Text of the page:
The scope of this problem varies from state to state. For example, in Massachusetts, only 2.7 percent of adults suffering from mental illness are uninsured, while in Nevada, the number is as high as 28.2 percent.

Unfortunately, having health coverage doesn’t guarantee prompt mental health treatment. As a culture, we need get better at recognizing mental illness in its early stages. There is a gap in time between the first appearance of mental illness symptoms and receiving treatment.

On average, during 84 percent of this gap in time, mental illnesses remain undiagnosed. To put it another way, if someone begins to suffer from depression and receives treatment for it two years later, it is likely that for about the first 20 months, the depression went completely undiagnosed.

The Connection Between Substance Abuse and Co-occurring Disorders

People who suffer from mental illness are at a much greater risk of developing a substance use disorder. The Substance Abuse and Mental Health Services Administration performed a survey in 2014 that found 7.9 million people who were experiencing mental illness also suffered from a dual diagnosis of substance abuse.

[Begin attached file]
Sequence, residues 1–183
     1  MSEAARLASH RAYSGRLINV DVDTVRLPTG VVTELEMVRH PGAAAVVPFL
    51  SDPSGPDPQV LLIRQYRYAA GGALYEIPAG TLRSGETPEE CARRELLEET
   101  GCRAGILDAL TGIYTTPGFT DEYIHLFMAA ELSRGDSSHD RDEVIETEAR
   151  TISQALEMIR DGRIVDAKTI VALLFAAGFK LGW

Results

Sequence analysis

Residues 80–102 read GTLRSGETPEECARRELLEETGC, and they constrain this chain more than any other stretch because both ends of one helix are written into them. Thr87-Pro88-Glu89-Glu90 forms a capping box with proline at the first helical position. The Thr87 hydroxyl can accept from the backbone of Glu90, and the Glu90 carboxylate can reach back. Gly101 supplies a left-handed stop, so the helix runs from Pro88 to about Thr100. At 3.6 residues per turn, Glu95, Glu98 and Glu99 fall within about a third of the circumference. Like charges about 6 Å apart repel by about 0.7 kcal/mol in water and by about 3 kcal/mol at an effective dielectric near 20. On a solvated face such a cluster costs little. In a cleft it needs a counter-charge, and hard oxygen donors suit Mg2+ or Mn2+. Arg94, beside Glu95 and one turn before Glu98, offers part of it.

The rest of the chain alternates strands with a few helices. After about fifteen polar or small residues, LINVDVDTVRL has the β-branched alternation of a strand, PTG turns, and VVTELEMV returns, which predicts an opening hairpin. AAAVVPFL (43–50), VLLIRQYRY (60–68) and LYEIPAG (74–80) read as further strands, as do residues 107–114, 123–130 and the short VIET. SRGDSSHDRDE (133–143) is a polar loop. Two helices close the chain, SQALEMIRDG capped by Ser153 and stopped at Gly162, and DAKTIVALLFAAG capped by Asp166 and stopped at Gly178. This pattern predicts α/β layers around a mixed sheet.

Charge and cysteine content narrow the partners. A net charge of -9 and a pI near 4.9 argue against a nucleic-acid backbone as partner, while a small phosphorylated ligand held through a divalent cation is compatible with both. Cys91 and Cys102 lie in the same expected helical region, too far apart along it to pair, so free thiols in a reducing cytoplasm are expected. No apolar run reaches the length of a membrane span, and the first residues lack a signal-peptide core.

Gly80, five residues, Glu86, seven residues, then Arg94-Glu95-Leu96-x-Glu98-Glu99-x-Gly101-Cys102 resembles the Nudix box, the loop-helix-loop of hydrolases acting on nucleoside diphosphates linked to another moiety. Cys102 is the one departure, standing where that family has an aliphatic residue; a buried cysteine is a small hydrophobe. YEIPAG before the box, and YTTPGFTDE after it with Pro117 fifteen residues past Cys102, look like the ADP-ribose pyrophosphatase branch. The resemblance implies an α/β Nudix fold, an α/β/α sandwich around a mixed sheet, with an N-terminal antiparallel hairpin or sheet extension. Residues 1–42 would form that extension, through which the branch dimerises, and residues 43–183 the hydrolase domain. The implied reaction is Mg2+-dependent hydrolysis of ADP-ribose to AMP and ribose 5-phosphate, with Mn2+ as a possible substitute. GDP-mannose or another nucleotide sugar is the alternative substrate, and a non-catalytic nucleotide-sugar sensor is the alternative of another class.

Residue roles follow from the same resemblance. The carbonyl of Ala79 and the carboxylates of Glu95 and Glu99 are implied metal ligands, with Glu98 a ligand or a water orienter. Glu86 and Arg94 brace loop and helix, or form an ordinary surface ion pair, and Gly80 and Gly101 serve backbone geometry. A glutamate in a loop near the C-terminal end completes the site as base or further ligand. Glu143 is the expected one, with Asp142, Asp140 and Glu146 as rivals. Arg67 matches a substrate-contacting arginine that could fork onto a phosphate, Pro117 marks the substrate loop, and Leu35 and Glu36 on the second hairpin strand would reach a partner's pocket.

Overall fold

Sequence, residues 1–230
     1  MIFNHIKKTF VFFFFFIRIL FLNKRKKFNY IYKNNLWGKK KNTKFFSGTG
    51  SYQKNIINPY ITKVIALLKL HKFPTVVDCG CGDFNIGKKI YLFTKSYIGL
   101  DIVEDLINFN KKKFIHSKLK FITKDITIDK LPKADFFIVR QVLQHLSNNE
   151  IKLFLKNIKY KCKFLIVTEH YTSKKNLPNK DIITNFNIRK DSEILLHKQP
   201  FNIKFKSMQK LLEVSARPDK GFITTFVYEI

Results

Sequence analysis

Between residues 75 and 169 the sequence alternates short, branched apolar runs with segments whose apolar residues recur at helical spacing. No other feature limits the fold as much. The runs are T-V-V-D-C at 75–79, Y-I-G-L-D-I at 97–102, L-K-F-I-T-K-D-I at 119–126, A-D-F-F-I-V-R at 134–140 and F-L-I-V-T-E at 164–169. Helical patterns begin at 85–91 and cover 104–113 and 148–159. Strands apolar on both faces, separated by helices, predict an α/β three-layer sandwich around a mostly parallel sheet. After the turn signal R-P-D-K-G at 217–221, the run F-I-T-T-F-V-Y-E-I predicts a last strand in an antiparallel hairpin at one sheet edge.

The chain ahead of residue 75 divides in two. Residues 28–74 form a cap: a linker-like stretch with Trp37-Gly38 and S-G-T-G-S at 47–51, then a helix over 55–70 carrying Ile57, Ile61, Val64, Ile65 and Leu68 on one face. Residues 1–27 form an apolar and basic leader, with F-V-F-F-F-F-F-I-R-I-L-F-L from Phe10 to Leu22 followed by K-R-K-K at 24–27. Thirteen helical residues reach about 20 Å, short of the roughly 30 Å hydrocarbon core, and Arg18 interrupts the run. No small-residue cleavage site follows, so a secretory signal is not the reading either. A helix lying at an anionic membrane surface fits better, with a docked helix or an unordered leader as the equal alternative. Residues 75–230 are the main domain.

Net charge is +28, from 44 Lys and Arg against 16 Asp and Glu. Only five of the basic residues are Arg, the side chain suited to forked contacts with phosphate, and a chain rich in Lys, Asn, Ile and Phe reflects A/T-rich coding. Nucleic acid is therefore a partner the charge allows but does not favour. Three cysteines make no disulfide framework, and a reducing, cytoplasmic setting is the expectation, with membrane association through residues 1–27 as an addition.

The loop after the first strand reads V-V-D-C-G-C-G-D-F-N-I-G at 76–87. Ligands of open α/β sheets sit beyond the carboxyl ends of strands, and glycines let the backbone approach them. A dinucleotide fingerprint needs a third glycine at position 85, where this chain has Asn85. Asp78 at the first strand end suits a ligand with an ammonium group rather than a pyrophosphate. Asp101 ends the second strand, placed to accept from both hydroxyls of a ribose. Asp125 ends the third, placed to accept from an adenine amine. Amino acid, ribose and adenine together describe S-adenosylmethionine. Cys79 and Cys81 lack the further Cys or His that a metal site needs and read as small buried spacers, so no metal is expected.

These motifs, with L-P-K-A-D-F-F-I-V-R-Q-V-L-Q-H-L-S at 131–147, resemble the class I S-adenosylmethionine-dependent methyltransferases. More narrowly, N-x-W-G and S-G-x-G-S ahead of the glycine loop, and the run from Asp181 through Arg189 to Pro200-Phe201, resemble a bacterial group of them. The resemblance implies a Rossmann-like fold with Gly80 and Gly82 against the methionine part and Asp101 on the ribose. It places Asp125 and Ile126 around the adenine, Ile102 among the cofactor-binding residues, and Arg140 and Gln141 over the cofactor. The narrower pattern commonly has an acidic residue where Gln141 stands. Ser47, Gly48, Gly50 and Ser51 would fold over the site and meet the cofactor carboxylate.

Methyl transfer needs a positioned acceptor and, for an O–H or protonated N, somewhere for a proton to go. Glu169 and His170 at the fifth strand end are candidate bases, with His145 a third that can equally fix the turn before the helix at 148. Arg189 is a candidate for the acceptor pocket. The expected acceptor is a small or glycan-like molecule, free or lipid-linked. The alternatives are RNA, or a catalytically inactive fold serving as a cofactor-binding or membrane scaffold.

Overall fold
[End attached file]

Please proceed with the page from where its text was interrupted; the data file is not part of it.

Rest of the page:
There’s a real problem in this country of just treating the symptoms of mental health problems rather than addressing the problem’s source. If alcoholics seek help for their substance abuse without also receiving treatment for underlying psychological issues like depression, schizophrenia or anxiety, they are much less likely to succeed long term.

The only hope we have for overcoming the mental health crisis in America is through a holistic approach to treatment, and right now that is barely happening.


We Owe It to Our Children to Find Mental Health Care Solutions

Young people are hit hardest by the lack of sufficient mental health care in the United States. It’s estimated that 88 percent of young people with major depression receive inadequate treatment, with 64 percent receiving no treatment at all.

Untreated mental illness in young Americans can quickly spiral out of control, as mental illness can lead to substance use disorder and various medical illnesses. In fact, a recent finding seems to indicate that people with depression have a life expectancy of five to 10 years shorter than the national average.